3. Radiate loving kindness to yourself as well as to all beings saying, “May I be well, happy, peaceful and free from all sufferings and may all beings be well, happy, peaceful and free from all sufferings.”
  4. Sit cross-legged with the right leg placed over the left leg (Or you can sit on the chair or platform keeping your legs straight)
  5. Place right hand over left leg
  6. Keep your back upright. Never slump forward or backwards.
  7. Adjust your sitting posture - sitting posture should be comfortable and relaxed.
  8. Be aware of you sitting posture - how you are sitting now.
  9. Close your eyes gently or keep them half open and look at something
  10. Relax your whole body - from the top of the head to the toes.
  11. Take a few deep breaths and breath out slowly
  12. Breath in Relax and breath out relax. Try to feel your breathing without thinking of anything.
  13. Now, breath in and out normally and bring your awareness to the nostrils or anywhere from the nose to the abdomen where you can feel the air you are breathing strongly.
  14. Be aware of the air you breath, be mindful of it, and be focused on it
  15. Do not force this mindfulness.
  16. Just breath in and out normally with mindfulness and relax.
  17. To strengthen our mindfulness, we can note the word ” Bud-dho” mentally. Note “BUD” when breathing in and “DHO” when breathing out. “Bud-dho” means to be awakened or to be enlightened.
  18. Do not get stuck in your thoughts, imaginations or plans. Try to forget your past and future. If thoughts arise in your mind just look at them and let them go. Do not worry about them. Try to remove them from your mind and feel yourself free from everything - your position, responsibility and duties. Try to be mindful at the present feeling only. Only “Right Now”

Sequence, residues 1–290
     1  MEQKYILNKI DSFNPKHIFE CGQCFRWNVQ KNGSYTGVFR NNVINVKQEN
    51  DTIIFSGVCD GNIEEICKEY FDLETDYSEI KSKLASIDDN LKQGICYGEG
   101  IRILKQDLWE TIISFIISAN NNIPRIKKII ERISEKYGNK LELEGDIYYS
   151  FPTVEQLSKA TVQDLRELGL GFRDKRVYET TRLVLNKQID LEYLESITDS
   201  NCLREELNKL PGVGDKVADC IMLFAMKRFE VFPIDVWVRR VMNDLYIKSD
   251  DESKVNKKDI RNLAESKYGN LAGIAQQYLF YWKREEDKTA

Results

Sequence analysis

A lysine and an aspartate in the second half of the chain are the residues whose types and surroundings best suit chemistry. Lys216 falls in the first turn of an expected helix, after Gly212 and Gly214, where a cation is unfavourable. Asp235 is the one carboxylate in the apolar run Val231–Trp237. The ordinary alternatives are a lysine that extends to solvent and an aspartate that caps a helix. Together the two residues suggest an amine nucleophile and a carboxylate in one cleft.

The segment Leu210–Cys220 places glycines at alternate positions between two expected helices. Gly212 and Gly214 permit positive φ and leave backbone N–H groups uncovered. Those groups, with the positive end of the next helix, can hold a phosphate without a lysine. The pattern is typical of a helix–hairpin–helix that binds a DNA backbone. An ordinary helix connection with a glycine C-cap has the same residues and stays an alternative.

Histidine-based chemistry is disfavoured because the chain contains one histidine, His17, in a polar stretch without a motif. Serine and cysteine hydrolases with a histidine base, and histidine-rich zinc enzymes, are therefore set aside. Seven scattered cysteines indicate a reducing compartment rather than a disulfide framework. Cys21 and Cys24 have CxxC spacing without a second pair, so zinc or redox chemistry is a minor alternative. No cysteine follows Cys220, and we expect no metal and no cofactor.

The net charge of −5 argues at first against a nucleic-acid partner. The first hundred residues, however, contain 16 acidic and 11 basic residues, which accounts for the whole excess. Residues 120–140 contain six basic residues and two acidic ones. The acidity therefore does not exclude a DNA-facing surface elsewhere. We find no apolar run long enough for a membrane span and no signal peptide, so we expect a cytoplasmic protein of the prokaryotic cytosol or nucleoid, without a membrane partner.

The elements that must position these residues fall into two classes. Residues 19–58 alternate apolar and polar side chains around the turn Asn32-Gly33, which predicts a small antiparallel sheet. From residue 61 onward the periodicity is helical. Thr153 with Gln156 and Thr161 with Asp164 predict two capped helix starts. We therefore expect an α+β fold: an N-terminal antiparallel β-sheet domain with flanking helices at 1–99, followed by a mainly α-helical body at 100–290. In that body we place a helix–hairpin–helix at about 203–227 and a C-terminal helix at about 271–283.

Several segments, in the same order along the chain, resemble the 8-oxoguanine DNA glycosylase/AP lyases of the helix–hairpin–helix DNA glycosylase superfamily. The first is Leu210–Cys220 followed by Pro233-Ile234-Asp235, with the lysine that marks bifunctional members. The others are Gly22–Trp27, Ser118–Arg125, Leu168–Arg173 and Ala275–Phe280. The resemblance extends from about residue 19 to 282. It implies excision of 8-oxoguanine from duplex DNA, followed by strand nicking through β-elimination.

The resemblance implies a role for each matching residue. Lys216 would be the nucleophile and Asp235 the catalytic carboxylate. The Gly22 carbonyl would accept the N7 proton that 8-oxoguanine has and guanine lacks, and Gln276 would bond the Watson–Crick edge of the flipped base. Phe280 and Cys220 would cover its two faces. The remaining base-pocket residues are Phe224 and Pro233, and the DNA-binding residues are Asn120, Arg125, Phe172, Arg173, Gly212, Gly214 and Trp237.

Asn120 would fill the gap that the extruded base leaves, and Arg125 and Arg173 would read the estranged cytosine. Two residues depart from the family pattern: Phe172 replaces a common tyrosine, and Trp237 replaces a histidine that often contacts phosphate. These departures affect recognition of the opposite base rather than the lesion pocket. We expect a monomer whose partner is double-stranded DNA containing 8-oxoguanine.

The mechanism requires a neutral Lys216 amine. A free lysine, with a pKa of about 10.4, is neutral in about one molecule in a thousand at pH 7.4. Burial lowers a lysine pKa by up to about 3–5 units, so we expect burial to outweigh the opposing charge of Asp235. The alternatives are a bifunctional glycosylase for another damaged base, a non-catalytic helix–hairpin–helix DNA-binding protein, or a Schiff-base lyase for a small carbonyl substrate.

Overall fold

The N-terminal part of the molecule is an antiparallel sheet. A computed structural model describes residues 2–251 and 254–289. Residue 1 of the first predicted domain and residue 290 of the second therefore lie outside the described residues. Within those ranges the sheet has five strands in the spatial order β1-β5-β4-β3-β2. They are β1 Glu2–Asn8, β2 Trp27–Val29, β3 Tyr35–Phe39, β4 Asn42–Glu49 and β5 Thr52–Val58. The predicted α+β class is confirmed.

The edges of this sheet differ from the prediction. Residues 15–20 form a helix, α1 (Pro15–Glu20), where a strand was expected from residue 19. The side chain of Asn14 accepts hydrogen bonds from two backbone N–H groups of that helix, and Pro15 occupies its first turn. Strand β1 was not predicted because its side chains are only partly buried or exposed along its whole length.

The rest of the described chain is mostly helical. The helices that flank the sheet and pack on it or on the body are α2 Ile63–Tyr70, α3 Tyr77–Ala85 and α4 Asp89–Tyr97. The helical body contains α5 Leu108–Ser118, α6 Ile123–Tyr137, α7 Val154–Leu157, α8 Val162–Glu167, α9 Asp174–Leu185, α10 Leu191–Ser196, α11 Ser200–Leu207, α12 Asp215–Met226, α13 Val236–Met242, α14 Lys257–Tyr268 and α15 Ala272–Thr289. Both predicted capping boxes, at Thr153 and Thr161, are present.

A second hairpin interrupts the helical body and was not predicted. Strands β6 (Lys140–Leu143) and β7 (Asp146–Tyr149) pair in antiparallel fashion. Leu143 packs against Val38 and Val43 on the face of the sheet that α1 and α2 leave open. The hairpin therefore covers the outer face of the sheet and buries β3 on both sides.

19. Whatever happens during meditation try not to get stuck in your thoughts - try to let them go. Remember the past is gone and the future has not yet come. Try to be one with your breathing or present moment.
  20. Be always mindful of the present moment and keep doing it for a while.
  21. After doing this for a while (about an hour), take a few deep breaths and breath in and out slowly. Relax your mind and body.
  22. Absorb loving-kindness and peace from the Great compassionate Buddha; and accept the beauty of nature into your mind and relax.
  23. Put both hands together in front of your chest and radiate loving-kindness to yourself as well as to all beings saying “May I be well, happy, peaceful and free from all sufferings and may all beings be well, happy, peaceful and free from all sufferings.”
  24. Open your eyes and relax.
  25. Bow down to the Triple-gem.

Lying down Meditation

  1. Try to be mindful of your bodily action - how you are moving your body to your bed.
  2. Close your eyes
  3. Radiate loving-kindness to yourself and to all beings
  4. Relax your whole body and be mindful of your breathing
  5. Feel yourself free from all thoughts, worries and fall into sleep peacefully.
  6. Be mindful of everything. Mindfulness brings a clean, clear and calm mind

The seven benefits of Meditation

A meditation practitioner get benefits from practice as follows:

  1. Purification from all kinds of defilements.
  2. Overcoming sorrow and worry.
  3. Overcoming lamentation.
  4. Cessation of all kinds of physical sufferings.
  5. Cessation of all kinds of mental sufferings.
  6. Attainment of enlightenment (Path and fruition)
  7. Attainment of Nirvana - extinction of all suffering and defilements.

The five hindrances to Meditation

One cannot practice meditation, if one has following hindrances :